From the time of his teaching at the Louvain, Robert was one of Catholicism’s most ardent defenders and a brilliant controversialist against the Protestants, providing a famous definition of the Catholic Church: “The one and true Church is the assembly of men, bound together by the profession of the same sacraments, under the rule of legitimate pastors, and in particular the see of the Vicar of Christ on earth, the Roman Pontiff.” Feast day: September 17.
|1586 Bl. William
Martyr of England
A native of Lancashire, he studied at Oxford and then departed the island for Reims, France, where he was ordained in 1585 with Blessed Robert Anderson. They were sent to England but were forced to land on the Isle of Wight in a storm. They were arrested, and then condemned and hanged on April 25 on Wight. Both were beatified in 1929, and share the feast.
|1597 Philip of Jesus
friar Miracles attested the power before God of these first martyrs of
Japan patron of Mexico City, Mexico OFM M (RM)
(also known as Philip de las Casas Born in Mexico City, Mexico, May 1, 1571; died in Nagasaki, Japan, 1597; beatified by Pope Urban VIII; canonized by Pope Pius IX in 1862; feast day formerly February 5.
The life of Saint Philip points again to the importance of the domestic church--the family. Early in life Saint Philip ignored the pious teachings of his immigrant Spanish family, but eventually he entered the Reformed Franciscan Convent of Santa Barbara at Puebla, Mexico--and soon exited the novitiate in 1589. Grieved at the inconstancy of his son, Philip's father sent him on a business trip to the Philippines.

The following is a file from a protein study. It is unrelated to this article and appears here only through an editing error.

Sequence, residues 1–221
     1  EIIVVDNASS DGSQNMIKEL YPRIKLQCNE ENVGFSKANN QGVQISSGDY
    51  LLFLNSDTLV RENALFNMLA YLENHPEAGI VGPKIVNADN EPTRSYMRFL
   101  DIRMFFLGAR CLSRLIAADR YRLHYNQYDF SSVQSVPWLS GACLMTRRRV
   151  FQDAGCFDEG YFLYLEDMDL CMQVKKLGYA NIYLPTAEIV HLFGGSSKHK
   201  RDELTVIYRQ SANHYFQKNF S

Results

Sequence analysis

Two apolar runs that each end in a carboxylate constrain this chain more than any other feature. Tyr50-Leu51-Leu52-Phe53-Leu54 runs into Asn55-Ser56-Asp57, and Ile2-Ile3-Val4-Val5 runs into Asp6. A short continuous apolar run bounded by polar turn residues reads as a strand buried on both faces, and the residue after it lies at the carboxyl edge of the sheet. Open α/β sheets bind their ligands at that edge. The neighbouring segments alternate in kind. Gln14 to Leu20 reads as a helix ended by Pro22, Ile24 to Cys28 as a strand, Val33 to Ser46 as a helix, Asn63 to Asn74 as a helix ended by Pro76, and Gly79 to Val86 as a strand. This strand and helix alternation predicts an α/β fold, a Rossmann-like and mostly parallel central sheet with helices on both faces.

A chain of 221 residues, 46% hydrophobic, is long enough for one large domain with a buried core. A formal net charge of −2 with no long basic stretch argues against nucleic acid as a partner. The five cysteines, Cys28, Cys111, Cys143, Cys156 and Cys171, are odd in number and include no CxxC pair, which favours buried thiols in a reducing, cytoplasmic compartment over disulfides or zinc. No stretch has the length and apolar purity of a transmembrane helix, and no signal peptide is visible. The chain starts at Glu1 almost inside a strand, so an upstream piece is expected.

Like many of us, Philip sought to escape God's love in worldly pleasures but the Hound of Heaven tracked him down. Gaining courage by prayer, Philip was again able to follow his vocation, joined the convent of Our Lady of the Angels in Manila in 1590, and took his vows in 1594. The richest cargo Philip could have sent back to Mexico couldn't have pleased his father more than the message that Philip had been professed a friar. Alonso de las Casas obtained directions from the commissary of the order that Philip should be sent to Mexico to be ordained a priest.
He embarked with other religious on the Saint Philip in July 1596 but storms shipwrecked them in Japan. Amid the storm, Philip saw over Japan a white cross, in the shape used in that country, which after a time became blood-red, and remained so for some time. It was an omen of his coming victory.
The ship's captain sent Philip and two others to the emperor to gain permission for them to continue their voyage, but they could not obtain an audience. He then continued to the Franciscan house in Macao to see if they could apply pressure. In the meantime, the pilot of the Saint Philip had excited the emperor's fears of Christians, causing him to contemplate their extermination.
In December, officers seized a number of the Franciscan fathers, including Philip, three Jesuits, and several of their young pupils. When Philip had that they were to die, he responded with joy. His left ear was cut off, and he offered the first fruit of his blood to God for the salvation of Japan.
The martyrs were taken to Nagasaki, where crosses had been erected on a high hill. When Philip was led to the one on which he was to die, he knelt down, clasped it, and exclaimed, "O happy ship! O happy galleon for Philip, lost for my gain! Loss--no loss for me, but the greatest of all gain!" He was bound to the cross, but the footrest under him gave way, so that he was strangled by the cords that bound him. While repeating the name of Jesus, he was the first of the group to die. Philip was 25. Miracles attested the power before God of these first martyrs of Japan (Benedictines, Butler, Delaney).
Saint Philip is the patron of Mexico City, Mexico.
Giovanni Battista Piamarta (AC)
Born at Brescia, Italy, November 26, 1841; died at Remedello, April 25, 1913; beatified October 12, 1997. (Coming in 2000.)